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The source code

At some point I will move the source code for this project to a proper place (like github). For now you can download the most recent version as a zip file here:

s1.17 (released on September 15, 2016; requires hardware version h1.3; supports telescope focusing).

The whole project is now hosted on github.com (only stable versions; the latest was s1.16 for h1.2):

https://github.com/pulsar123/Fast-Stacker

Stable releases on github:

https://github.com/pulsar123/Fast-Stacker/releases

Warning: if you get the package from github, you will have to create a folder "stacker", and then move all the files inside that folder. (If you get the package from my site - the first link above - the folder stacker is already there.)

You should always do the factory reset (keys #*) after each software upgrade.

The older versions are still available here:

http://pulsar124.wikia.com/wiki/Old_versions

Use the official Arduino IDE to compile the code and upload it to your Arduino:

https://www.arduino.cc/en/Main/Software

The cheap knockoff Arduino Uno R3 board I am using requires special USB serial driver (for Chinese CH341 chipset). The following one (file CH341SER.EXE) worked for my board:

http://www.wch.cn/download/CH341SER_EXE.html

Or use my copy if the above link doesn't work:

http://syam.no-ip.org/pub/ch341ser.zip

Install it before trying to connect your Arduino board to the PC.

In my code I am using the two following publicly available libraries for Arduino (you need to install them only when using stacker s0.08; starting from s0.10 the customized versions of these libraries are already included in my zip file, so no need to install the libraries, and if you already installed them you might need to delete them to avoid confusion):

Install them before trying to compile my code (only for s0.08). See here: https://www.arduino.cc/en/Guide/Libraries


Customizing my code

There are some macro parameters in stacker.h file which you might have to modify:

Macro parameter Default value Description
DISABLE_MOTOR Undefined Uncomment this line when debugging the control unit without the motor unit
MOTOR_DEBUG Undefined When defined, limiting switches are disabled. Convenient to use when you are testing the coupling between the motor and the rail (if there is enough torque; if the motor axis is co-aligned with the focusing knob)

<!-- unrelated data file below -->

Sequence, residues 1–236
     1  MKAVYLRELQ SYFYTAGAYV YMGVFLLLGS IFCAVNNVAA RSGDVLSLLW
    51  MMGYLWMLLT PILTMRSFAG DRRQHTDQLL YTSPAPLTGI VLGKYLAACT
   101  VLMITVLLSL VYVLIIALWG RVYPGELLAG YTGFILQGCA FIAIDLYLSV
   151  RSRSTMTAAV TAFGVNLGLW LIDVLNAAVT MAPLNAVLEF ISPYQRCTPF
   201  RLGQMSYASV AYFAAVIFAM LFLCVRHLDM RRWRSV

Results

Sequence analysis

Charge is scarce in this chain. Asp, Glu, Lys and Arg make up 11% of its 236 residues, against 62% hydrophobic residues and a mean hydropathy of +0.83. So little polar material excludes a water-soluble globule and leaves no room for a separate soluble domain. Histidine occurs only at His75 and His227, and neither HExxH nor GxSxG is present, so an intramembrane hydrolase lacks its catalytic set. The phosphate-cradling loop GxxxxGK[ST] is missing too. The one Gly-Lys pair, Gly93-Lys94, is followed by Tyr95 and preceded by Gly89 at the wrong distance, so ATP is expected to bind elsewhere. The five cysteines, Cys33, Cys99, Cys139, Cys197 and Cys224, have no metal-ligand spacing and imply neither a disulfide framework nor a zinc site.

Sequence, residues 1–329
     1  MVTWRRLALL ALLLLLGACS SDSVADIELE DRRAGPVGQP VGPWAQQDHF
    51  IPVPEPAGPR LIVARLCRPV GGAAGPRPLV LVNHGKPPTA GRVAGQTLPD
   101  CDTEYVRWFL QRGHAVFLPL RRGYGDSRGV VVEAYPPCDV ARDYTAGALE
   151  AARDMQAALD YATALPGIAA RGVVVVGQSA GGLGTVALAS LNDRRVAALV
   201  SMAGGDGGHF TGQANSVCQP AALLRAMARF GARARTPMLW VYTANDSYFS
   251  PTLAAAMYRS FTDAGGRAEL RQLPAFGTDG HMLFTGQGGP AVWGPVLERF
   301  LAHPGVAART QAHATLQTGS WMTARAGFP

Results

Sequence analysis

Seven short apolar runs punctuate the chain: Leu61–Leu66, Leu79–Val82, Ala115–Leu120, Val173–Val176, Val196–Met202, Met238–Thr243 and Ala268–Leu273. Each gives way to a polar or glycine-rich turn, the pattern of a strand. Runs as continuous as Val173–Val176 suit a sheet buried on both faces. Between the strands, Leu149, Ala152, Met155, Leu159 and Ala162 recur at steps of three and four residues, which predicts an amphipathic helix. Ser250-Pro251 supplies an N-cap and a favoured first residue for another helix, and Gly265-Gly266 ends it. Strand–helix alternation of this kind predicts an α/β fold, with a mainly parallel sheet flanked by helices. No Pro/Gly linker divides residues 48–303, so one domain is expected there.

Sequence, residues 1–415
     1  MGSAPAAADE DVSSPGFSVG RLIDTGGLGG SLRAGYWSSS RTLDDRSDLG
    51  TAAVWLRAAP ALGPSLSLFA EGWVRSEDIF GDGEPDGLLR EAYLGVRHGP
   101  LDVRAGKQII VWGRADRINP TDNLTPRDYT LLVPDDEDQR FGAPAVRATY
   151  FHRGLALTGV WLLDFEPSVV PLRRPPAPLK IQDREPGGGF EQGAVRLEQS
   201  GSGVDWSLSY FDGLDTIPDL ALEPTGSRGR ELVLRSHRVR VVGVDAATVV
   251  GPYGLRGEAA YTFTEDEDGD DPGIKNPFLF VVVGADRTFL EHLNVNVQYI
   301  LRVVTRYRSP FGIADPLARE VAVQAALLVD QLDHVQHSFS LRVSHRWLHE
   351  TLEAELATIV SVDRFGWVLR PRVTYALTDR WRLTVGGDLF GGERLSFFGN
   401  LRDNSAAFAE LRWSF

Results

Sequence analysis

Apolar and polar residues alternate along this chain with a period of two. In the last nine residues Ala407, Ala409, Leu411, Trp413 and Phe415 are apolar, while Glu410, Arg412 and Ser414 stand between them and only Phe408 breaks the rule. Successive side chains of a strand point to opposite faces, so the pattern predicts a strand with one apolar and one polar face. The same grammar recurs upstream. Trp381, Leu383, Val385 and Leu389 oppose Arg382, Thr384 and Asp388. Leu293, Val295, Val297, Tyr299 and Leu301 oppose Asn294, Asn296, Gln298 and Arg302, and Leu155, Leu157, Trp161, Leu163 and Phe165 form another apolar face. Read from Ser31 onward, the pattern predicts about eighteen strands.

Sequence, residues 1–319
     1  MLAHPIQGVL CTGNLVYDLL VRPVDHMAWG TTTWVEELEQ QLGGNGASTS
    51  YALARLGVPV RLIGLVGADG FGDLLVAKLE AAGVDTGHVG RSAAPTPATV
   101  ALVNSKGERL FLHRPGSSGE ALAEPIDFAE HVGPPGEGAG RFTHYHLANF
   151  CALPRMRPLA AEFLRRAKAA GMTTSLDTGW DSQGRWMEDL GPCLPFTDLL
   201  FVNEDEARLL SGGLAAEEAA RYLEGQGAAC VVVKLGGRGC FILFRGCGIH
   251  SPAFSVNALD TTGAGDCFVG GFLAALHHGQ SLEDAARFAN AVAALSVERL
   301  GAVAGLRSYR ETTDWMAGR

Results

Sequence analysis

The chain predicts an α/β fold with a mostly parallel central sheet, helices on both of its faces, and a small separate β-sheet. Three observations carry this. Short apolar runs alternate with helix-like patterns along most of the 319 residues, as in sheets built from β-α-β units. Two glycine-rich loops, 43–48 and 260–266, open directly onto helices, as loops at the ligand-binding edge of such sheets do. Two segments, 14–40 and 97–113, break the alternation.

BL_DEBUG Undefined When defined, two keys get reassigned: keys "2" and "3" become "reduce BACKLASH" and "increase BACKLASH" functions. Used to measure the backlash for your rail.
BL2_DEBUG Undefined When defined, two keys get reassigned: keys "2" and "3" become "reduce BACKLASH_2" and "increase BACKLASH_2" functions. Used to measure BACKLASH_2 parameter, for rail reverse accuracy
DELAY_DEBUG Undefined When defined, two keys get reassigned: keys "2" and "3" become "reduce SHUTTER_ON_DELAY2" and "increase SHUTTER_ON_DELAY2" functions. Used to find the proper SHUTTER_ON_DELAY2 value, for FRSP (electronic shutter) mode, mirror_lock=2
BATTERY_DEBUG Undefined When defined, prints actual voltage (not just #, ## symbols) in the bottom right corner of the display, per single AA battery, without period (so 1.25V will be shown as 125). Convenient for detecting what is the lowest voltage your rail can use without skipping steps - depends on the weight of your camera + lens, among other things.
V_LOW 1.125 Critically low voltage, per AA battery (when V becomes lower than this, the macro rail is disabled, to preserve the rail's calibration).
VOLTAGE_SCALER 2.7273 * 5.0/1024.0/8.0 The first number should be computed for the particular values of the two voltage dividing resistors (R1 and R2) you used to connect to Arduino's pin PIN_BATTERY (A0). The first number is computed as (R1+R2)/R2. R1+R2 should be ~0.5 MOhm.
SPEED_VOLTAGE 11.5 / 8 Critical power source voltage value, in volts, computed per AA battery (hence the /8 divider). It is used to sense if the controller is powered by batteries or AC adapter. If it is the former, a lower speed limit (SPEED_LIMIT2_MM_S) will be used, to improve the motor's torque when battery operated.
CONT_STACKING_DELAY 100000 An additional delay (in μs) in a continuous stacking shot sequence, after making the first shot. Increase the parameter if your camera skips the first shot; otherwise try to make it as small as possible.